Reporter’s diary: Chinese men marry Southeast Asian wives due to lack of options at home
By Li Jianhua
China’s disproportionate ratio of men to women has prompted many bachelors to seek wives outside the country. Some get lucky, yet language barriers, cultural differences and many other challenges – including the foreign wives’ legal status in China – make their married lives tough in the early going.
A majority of the nuptials are concentrated in rural China for a couple of reasons – most notably the high costs of marriage and fairly more disproportionate ratio of male to female.
Many Chinese bachelors are eyeing countries in Southeast Asia, such as Myanmar, Vietnam and Laos. In these countries where the economic condition is often dire, the dowries are usually much smaller.
Our crew went to a village – where three Laotian girls live – in northern China's Hebei Province. 30-year-old Yuan, who is not willing to be fully identified, started a family seven months ago with her Laotian wife Xie Xong, and she is now five months pregnant.
In their home, I saw a Lao language learning book, and they told me they had been teaching each other their mother tongues since they got married. Regardless, the language barrier is still one of many "getting used-to's" that the couple faces in daily life.
"She is still not used to the food here. She cooks Lao food and I usually have Chinese one. There's a language barrier between us, and we use some translation apps on my phone to communicate," said Yuan.
Coming from warm and balmy southeast Asia, it is rare for Xong to see snow.
Living in a foreign country, she tries to find her way here in rural China.
"It's so cold here for me. But, I don't have to work as much as I did in Laos. China's economy is strong and my husband makes good money," said Xong.
The young couple's married lives are not as easy as expected. So, why did they choose to tie the knot in the first place?
"The money to be given to the bride's family is too high here, usually around 200,000 yuan. Plus, the bridegroom's family has to prepare a house and a car. Even though you have a house and a car, it's still difficult to find wives. The male to female ratio is disproportionate," said Yuan's father. "That's why we went to Laos to find my son a wife. More families here are like us. There were at least 10 Laotian women happy to be wives in this area."
The local governments across China have been issuing various measures by promoting frugal marriages, in the hope of easing the financial burden of marriage. In some counties, measures have been taken to cap the sum of dowry money given to the brides' families.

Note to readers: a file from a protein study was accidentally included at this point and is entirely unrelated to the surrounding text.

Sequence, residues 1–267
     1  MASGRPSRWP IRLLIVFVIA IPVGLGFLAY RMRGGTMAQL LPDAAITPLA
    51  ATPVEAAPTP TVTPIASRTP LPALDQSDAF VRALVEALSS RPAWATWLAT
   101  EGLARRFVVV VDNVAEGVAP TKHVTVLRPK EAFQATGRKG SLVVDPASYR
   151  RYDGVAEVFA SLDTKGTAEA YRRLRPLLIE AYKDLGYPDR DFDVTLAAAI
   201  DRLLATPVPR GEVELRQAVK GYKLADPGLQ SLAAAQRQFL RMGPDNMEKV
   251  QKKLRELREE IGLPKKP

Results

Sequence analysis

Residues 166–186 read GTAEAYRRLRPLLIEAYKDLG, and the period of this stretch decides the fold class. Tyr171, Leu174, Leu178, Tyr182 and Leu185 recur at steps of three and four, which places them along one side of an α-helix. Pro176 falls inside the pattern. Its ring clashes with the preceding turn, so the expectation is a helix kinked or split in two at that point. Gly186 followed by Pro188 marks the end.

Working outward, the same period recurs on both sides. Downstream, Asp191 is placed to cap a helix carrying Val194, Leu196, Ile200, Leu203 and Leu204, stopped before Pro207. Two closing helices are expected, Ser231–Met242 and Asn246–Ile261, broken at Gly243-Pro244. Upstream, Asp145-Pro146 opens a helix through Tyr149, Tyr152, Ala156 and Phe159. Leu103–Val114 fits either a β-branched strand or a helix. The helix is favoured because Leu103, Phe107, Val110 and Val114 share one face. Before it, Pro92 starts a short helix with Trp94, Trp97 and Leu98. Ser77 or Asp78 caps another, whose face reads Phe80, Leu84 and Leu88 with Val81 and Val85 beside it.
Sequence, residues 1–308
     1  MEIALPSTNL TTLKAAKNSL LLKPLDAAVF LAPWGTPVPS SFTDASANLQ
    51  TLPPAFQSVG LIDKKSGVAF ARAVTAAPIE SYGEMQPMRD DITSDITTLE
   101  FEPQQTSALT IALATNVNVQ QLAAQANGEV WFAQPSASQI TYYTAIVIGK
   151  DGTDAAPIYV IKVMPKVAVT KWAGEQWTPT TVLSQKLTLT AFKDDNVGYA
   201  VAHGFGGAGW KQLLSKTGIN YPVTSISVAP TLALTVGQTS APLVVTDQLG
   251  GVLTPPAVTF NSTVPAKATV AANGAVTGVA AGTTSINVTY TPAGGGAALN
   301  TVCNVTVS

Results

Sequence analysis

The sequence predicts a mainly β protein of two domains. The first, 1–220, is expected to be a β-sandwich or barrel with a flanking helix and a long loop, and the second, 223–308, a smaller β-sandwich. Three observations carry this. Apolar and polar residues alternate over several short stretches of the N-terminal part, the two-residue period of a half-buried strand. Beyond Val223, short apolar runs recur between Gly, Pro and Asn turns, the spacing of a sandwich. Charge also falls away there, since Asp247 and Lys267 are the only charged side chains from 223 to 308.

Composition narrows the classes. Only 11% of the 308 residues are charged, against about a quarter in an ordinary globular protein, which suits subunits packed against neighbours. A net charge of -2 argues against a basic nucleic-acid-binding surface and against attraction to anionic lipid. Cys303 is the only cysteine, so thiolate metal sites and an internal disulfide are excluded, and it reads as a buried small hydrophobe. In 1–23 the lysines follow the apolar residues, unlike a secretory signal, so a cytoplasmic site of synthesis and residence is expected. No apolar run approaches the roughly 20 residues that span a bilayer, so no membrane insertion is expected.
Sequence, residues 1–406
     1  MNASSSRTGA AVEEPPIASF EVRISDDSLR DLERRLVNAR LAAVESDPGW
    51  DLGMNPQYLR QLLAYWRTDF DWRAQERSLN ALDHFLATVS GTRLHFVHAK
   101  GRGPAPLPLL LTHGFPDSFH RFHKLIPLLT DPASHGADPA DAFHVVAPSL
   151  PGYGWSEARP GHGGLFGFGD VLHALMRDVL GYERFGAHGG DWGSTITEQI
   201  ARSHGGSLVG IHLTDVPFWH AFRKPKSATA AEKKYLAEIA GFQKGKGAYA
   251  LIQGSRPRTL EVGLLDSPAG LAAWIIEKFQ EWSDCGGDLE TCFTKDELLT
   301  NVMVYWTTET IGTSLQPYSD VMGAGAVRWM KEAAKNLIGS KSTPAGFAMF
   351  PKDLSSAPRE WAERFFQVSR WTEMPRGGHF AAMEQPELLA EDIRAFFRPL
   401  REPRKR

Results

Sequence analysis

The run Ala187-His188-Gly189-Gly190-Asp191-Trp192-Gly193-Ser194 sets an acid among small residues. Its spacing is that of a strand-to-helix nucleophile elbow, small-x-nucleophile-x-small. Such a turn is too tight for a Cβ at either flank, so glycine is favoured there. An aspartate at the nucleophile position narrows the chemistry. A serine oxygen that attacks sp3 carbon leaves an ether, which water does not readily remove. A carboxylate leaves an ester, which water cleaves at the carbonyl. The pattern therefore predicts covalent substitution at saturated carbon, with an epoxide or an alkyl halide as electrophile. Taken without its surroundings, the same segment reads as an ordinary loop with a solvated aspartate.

Some villagers told CGTN that the high dowry money is, in fact, a face issue – meaning the more money a bridegroom gives to his future wife, the more wealthy the family looks. In some extreme cases, the high costs of dowry money – mostly requested by the brides' families – lead to breakups at the last minute.
The dilemma in cross-border 'marriages'
The latest official figures show that men outnumber women on the Chinese mainland by 31.6 million in 2019, according to China's State Statistics Bureau, the main reason being the nation's traditional cultural preference for boys.
The "cross-border marriages," mostly in remote villages in central China's Henan Province and southeastern Fujian Province, have no legal effect. The couples may not have marriage certificates if they stay in the country illegally. Worse, their offspring may not be able to get hukou, or the Chinese household registration. This could put their children's education and workers' rights at risk.
In some cases, runaway foreign brides cooperate with matchmaking agents for a split of the fees – including the money a bridegroom pays to the go-between and the foreign bride – and then abandon their husbands once they get paid.
Despite the potentially severe consequences, marrying a foreign woman – mostly those from Southeast Asian countries with the relatively poorer economic background – is often the last resort for Chinese bachelors.
Many foreign girls – there is no official figures here – come to China on tourist visas. In some cases, they are smuggled into the country by go-betweens and married into Chinese men willingly, in the hope of living more comfortable lives.
Xie Xong tells a similar story. Her little sister – a newcomer to the country – married into a village not far from hers. The two sisters both came here on tourist visas, and they may face deportation if they overstay their visas. I ask them whether they are concerned about deportation if anything goes wrong. The answer is "I don't know what to do about it. This is the countryside, and it may not be as strict as the cities. And we have to take it one step at a time."
We tried to get in touch with their go-between, who refused to show up on camera, and he said these Laotian girls will be conferred official marriage certificates in Laos by the end of this year.
Unions between Chinese men and foreign women – Southeast Asian women in this case – are various, including trafficking cases, marriages based on love, and those that are voluntary but economically motivated. These "cross-border marriages" can help reduce the number of bachelors in rural China, but safeguarding the legal rights of these foreign wives remains a challenge.